Affinium Pharmaceuticals, of Toronto, said Genome Canada and the Ontario Genomics Institute awarded it a $7 million grant for a program in viral proteomics. The program will systemically study the proteomics of viruses and their host cell interactions. Affinium describes itself as a structure-guided drug discovery company.

Alexion Pharmaceuticals Inc., of Cheshire, Conn., and Procter & Gamble Pharmaceuticals, an affiliate of Procter & Gamble Co., of Cincinnati, completed enrollment of approximately 900 patients in their second Phase II acute myocardial infarction trial of pexelizumab. The randomized, placebo-controlled, COMMA (Complement Inhibition in Myocardial Infarction Treated with PTCA) trial is designed to examine safety of pexelizumab administration, determine its dosage for subsequent trials, and find potential efficacy parameters in the angioplasty-treated patient population.

Ardais Corp., of Lexington, Mass., said it has licensed its BIGR Library and Suite of Bioinformatic Tools to Abgenix Inc., of Fremont, Calif., Aventis SA, of Frankfurt, Germany, CuraGen Corp., of New Haven, Conn., and other unnamed biotech and pharmaceutical companies. Ardais, a privately held clinical genomics company, said its resources enable researchers to apply a portfolio of human tissue-based products and services for scientific research use, primarily in molecular profiling studies to identify and validate the clinical relevance of potential drug targets. Financial and other details were not disclosed.

Biotica Technology Ltd., of Cambridge, UK, was awarded a Small Business Research Initiative grant of about $286,000 from the BBSRC. The company said it will use the grant to fund research into new technologies that generate polyketides and peptides, and for their production within microorganisms. More specifically, the project will focus on developing generic technologies to create diversity by engineering of genes involved in polyketide and nonribosomal peptide biosynthesis, and their application to generation of novel antibacterials.

Celsion Corp., of Columbia, Md., said it filed an investigational new drug application with the FDA for the use of its heat-activated liposome compound for the treatment of prostate cancer. The company plans to start Phase I trials using a formulation combining Celsion’s site-specific temperature-sensitive liposomes and doxorubicin. Liposomes are man-made microscopic devices with a lipid membrane for targeted drug delivery.

Connetics Corp., of Palo Alto, Calif., said its wholly owned subsidiary, Soltec Research Pty. Ltd., a dermatology drug delivery company, expanded its exclusive global license to Novartis Consumer Health SA, a subsidiary of Novartis AG, of Basel, Switzerland, to cover the Liquipatch drug delivery system for use in all topical antifungal applications. Novartis paid Soltec an undisclosed amount to exercise its right to expand the license agreement, and will continue to be responsible for all product-development costs, and pay Soltec license fees, milestone payments and royalties on future product sales. In June 2001, the companies entered an initial agreement under which Novartis was limited to the use of Liquipatch in Novartis’ antifungal brand, Lamisil.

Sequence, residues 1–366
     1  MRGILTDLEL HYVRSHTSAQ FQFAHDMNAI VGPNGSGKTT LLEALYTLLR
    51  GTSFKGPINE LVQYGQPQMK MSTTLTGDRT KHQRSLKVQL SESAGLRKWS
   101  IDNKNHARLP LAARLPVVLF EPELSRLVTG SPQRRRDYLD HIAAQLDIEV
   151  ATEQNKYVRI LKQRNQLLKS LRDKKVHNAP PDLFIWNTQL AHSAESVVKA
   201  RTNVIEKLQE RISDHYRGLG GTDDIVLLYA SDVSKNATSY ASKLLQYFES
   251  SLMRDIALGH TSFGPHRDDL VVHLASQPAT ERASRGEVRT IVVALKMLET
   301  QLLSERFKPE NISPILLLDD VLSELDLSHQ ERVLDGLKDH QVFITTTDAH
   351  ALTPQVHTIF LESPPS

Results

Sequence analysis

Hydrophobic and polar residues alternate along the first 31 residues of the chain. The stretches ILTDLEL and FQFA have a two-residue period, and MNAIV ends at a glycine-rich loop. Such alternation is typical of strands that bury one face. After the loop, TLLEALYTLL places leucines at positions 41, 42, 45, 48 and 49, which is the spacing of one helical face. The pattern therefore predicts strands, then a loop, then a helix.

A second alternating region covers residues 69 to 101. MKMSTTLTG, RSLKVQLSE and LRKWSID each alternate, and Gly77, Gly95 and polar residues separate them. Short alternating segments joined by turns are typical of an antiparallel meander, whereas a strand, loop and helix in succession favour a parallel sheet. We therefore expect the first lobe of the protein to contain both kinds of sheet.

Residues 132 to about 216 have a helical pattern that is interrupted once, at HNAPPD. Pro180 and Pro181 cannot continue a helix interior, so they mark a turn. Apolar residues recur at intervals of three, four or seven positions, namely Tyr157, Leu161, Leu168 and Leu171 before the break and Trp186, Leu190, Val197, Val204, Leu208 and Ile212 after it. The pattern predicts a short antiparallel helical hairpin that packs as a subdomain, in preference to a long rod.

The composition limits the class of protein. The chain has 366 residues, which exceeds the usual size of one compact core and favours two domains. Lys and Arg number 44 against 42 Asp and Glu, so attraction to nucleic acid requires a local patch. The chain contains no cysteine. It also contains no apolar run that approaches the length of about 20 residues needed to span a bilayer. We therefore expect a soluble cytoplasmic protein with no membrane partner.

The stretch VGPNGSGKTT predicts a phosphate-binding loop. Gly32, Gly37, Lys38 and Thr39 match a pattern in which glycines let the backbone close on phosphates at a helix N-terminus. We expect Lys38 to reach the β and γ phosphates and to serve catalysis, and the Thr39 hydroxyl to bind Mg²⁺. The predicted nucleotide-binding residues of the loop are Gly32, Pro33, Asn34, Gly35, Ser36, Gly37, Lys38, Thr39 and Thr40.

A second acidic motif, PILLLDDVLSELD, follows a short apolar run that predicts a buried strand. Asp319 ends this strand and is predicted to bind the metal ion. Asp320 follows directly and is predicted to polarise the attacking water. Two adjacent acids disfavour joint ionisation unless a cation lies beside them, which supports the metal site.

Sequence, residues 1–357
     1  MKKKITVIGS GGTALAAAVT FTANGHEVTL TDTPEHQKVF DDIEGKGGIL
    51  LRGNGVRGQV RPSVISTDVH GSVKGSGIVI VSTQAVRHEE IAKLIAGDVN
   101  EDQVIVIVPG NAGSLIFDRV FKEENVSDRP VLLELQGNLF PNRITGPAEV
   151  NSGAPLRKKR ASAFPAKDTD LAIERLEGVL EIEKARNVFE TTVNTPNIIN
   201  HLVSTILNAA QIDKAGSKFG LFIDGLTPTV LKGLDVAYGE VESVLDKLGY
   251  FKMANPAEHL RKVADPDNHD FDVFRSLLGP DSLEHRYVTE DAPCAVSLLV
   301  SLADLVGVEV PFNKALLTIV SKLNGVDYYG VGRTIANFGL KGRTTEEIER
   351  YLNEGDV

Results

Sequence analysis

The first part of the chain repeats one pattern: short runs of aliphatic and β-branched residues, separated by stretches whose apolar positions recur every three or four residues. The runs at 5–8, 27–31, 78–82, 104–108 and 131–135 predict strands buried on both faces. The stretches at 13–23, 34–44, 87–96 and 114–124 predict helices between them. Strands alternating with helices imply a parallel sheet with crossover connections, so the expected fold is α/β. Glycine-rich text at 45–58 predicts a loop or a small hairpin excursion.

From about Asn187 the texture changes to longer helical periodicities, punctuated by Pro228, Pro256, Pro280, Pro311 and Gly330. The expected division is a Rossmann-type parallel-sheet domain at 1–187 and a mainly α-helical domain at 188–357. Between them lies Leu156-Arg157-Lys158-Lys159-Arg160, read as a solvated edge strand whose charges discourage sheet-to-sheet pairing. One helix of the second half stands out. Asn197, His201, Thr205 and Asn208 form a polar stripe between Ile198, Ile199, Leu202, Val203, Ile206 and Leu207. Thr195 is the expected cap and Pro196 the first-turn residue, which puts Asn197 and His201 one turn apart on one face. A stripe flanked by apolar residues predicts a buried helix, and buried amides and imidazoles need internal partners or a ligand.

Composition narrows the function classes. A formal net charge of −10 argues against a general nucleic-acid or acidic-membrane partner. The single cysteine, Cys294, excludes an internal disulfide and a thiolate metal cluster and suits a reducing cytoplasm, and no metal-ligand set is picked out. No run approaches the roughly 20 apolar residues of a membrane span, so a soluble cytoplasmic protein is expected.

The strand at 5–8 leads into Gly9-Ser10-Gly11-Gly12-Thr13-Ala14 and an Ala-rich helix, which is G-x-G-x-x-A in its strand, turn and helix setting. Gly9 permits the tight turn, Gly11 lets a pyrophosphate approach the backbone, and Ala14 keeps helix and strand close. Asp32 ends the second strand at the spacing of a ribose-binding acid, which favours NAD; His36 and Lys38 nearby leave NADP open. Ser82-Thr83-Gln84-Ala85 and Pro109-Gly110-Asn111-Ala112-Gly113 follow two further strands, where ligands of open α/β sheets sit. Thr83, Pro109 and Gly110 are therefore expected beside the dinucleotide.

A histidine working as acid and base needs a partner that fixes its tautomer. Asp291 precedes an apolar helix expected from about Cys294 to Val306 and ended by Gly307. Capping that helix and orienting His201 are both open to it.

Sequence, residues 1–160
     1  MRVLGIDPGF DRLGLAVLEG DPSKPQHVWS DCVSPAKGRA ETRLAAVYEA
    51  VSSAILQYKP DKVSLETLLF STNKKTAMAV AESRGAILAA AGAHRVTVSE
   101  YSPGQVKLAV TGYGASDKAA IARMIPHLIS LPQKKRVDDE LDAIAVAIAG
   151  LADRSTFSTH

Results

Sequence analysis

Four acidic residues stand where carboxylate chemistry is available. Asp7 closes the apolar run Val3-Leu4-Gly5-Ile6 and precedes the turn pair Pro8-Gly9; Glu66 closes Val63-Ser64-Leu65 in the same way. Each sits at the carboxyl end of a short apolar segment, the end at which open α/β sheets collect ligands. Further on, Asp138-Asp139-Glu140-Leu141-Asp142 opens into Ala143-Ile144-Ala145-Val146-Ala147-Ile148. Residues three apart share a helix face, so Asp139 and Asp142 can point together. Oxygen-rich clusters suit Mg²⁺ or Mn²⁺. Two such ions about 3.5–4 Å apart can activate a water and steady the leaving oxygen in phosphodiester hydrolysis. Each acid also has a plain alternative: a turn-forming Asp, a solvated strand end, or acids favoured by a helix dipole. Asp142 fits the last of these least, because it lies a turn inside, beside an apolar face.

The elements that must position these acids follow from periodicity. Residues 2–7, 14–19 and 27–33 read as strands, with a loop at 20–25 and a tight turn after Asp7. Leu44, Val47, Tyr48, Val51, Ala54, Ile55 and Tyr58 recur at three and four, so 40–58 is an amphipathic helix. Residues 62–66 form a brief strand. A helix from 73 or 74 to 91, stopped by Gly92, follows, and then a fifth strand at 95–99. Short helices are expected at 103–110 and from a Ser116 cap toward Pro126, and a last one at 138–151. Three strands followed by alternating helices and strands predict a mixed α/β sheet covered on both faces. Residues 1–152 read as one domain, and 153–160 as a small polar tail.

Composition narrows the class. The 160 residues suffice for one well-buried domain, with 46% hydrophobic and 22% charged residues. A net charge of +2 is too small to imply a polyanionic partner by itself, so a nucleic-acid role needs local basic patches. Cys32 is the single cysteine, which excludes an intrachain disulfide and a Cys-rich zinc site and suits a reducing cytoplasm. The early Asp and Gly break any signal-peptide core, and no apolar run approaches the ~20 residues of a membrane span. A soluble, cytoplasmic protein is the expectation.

Cypress Bioscience Inc., of San Diego, said with the recent completion of its $17 million private placement and the filing of its Form 10-K, it meets Nasdaq’s requirement for continued listing on the Nasdaq SmallCap Market and will immediately resume trading as CYPB. Cypress said it will use the funding to finance ongoing trials for milnacipran in fibromyalgia syndrome through Phase II. The funding may also allow Cypress to consider expanding milnacipran trials into other related indications, or expand its product portfolio through new licensing opportunities.

Duke Comprehensive Cancer Center, of Durham, N.C., and Accelerate Brain Cancer Cure, of Burlingame, Calif., a nonprofit foundation, entered a collaboration to accelerate the testing of new brain cancer drug development faster than traditional approaches. The protocol invites researchers from any venue academia, corporations and government agencies to submit compounds to Duke for immediate screening, free of charge. The open invitation is expected to encourage pharmaceutical companies to submit approved and experimental anticancer drugs to Duke for further testing for their potential utility against brain cancer.

EntreMed Inc., of Rockville, Md., said a new, highly concentrated formulation of its drug candidate Endostatin was introduced into clinical trials, allowing patients to self-administer the protein. Currently, when patients use pre-filled syringes to inject Endostatin, a small volume of liquid is injected under the skin to deliver Endostatin to the body. The higher concentration allows the maintenance of circulating Endostatin levels that have been previously achieved by continuous infusion in clinical patients and associated with maximum antitumor effects in animals. With additional patients enrolling daily in ongoing trials, Endostatin is currently being self-administered in three Phase I and Phase II trials.

Exelixis Inc., of South San Francisco, said a new study provides insights into the origins of the VEGF (vascular endothelial growth factor) and PDGF (platelet-derived growth factor) signaling pathways and their conserved roles in the development of inflammatory cells and blood vessels. Study results, published in the March 22, 2002, issue of Cell, suggest that the early evolutionary role of VEGF in simple invertebrate systems was to guide the movement and dissemination of blood cells to eliminate dying cells and mount a defensive or inflammatory response to infection and wounds. The findings provide further support that the VEGF pathway plays an integral role in the inflammatory response.